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Traits and Inheritance

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1 Traits and Inheritance
Life Science, Holt Science and Technology

2 Objectives: I can Explain how genes and alleles are related to genotype and phenotype. Use the information in a Punnett square. Explain how probability can be used to predict possible genotypes in offspring. Describe three exceptions to Mendel’s observations.

3 Terms to Learn Gene Allele Phenotype Genotype Probability

4 Mendel’s Experiments Mendel calculated the ratio of dominant traits to recessive traits. He found a ratio of 3:1. What did this tell Mendel about how traits are passed from parents to offspring?

5 A Great Idea Mendel knew from his experiments with pea plants that there must be two sets of instructions for each characteristic. First generation plants carried the instructions for the dominant trait and recessive trait. Scientists now call these instructions for an inherited trait genes. Each parent gives one set of genes to the offspring.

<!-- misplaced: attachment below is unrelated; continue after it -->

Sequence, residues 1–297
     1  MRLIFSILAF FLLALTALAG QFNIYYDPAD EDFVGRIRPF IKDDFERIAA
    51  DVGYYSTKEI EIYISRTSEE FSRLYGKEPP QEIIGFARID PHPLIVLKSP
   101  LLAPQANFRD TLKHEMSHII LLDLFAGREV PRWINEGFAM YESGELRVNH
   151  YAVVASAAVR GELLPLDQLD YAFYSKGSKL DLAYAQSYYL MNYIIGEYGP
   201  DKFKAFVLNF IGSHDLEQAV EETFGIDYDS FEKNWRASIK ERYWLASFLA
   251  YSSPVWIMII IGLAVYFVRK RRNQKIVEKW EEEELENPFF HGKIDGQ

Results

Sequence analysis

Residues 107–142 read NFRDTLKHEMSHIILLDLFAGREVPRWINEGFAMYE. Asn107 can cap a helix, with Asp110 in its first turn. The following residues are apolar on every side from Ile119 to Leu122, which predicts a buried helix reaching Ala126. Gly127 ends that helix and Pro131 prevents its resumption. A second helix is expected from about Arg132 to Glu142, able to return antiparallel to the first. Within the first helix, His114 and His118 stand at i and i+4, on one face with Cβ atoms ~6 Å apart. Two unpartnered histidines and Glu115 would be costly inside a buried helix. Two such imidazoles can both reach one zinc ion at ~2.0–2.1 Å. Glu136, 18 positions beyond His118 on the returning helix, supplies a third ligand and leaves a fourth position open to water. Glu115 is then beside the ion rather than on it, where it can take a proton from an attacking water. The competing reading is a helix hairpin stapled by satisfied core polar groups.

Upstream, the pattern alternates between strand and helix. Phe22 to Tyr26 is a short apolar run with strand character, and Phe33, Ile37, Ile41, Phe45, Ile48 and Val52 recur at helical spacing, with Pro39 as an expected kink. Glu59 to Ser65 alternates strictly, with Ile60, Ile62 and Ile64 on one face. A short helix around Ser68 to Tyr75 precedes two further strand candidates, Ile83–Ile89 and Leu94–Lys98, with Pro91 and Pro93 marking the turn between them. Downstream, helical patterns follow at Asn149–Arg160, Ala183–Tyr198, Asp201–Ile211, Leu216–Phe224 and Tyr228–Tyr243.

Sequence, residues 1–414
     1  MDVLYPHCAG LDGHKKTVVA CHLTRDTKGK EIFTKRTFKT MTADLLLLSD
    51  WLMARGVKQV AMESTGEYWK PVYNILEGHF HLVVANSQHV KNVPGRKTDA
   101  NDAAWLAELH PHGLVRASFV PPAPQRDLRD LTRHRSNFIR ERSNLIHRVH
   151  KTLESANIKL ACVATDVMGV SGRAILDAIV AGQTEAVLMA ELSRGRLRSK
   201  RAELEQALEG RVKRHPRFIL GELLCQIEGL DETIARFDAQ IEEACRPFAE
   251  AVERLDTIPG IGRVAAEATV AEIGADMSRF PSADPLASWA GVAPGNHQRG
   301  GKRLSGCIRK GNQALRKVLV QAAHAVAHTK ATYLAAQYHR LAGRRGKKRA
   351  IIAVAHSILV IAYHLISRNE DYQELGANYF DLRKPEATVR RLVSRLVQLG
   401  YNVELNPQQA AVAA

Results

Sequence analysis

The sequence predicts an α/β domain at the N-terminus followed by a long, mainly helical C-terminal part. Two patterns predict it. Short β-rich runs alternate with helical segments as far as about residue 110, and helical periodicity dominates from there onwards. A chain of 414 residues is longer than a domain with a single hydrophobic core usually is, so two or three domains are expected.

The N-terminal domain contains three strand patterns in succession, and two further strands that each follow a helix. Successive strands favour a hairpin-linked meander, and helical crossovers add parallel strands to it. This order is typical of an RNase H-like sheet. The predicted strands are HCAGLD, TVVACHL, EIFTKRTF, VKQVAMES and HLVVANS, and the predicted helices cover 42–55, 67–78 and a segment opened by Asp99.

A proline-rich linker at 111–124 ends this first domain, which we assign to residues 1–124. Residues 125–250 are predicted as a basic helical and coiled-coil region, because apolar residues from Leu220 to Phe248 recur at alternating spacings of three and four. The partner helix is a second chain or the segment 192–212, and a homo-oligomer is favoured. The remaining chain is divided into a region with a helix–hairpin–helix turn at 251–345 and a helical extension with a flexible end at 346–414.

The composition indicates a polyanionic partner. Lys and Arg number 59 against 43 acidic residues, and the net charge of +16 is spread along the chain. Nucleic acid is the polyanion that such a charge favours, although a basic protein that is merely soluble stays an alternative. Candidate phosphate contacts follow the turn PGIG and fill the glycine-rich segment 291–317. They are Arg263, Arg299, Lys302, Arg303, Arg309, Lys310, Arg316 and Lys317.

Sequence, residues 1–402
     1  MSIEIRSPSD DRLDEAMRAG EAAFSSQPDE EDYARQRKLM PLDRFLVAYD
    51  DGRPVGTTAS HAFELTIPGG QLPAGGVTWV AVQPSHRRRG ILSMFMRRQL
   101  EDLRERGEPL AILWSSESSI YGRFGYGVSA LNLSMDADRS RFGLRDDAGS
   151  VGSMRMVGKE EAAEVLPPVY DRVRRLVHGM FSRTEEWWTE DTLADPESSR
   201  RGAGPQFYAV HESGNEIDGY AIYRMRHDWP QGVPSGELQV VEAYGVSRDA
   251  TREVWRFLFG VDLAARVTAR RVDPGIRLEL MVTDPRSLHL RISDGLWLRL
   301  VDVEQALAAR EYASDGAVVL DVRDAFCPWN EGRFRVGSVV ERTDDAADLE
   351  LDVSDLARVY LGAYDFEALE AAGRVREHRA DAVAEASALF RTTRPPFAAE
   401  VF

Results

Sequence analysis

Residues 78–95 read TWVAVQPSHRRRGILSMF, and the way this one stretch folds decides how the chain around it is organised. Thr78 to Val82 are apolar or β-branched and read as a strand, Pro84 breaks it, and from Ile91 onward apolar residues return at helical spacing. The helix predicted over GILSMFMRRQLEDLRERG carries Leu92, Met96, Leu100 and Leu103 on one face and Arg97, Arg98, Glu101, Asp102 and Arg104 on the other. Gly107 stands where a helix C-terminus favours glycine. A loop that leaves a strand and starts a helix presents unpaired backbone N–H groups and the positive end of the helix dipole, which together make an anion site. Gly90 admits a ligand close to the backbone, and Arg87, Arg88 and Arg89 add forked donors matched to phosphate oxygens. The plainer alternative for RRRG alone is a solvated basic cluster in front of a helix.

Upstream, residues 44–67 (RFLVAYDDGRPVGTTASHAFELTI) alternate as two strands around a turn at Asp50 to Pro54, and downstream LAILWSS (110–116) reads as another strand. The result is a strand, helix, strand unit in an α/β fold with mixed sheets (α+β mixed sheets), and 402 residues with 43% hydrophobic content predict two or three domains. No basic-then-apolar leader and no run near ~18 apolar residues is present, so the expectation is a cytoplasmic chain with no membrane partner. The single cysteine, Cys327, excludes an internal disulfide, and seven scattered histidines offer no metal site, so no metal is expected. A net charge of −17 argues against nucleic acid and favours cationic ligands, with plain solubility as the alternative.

6 A Great Idea (cont.) The offspring then has two forms of the same gene for every characteristic- one from each parent. Different forms (often dominant and recessive) of a gene are known as alleles (uh LEELZ). Dominant alleles are shown with a capital letter. Recessive alleles are shown with a lowercase letter.

7 Phenotype Genes affect the traits of offspring.
An organism’s appearance is known as its phenotype (FEE noh TIEP). In pea plants, possible phenotypes for the characteristic of flower color would be purple flowers or white flowers. Phenotypes of humans are much more complicated than those of peas. Example- Albinism prevents hair, skin, and eyes from having normal coloring.

8 Example of Albinism

9 Genotype Both inherited alleles together form an organism’s genotype.
Because the allele for purple flowers (P) is dominant, only one P allele is needed for the plant to have purple flowers. A plant with two dominant or two recessive alleles is said to be homozygous (HOM moh ZIE guhs). A plant that has the genotype Pp is said to be heterozygous (HET uhr OH ZIE guhs).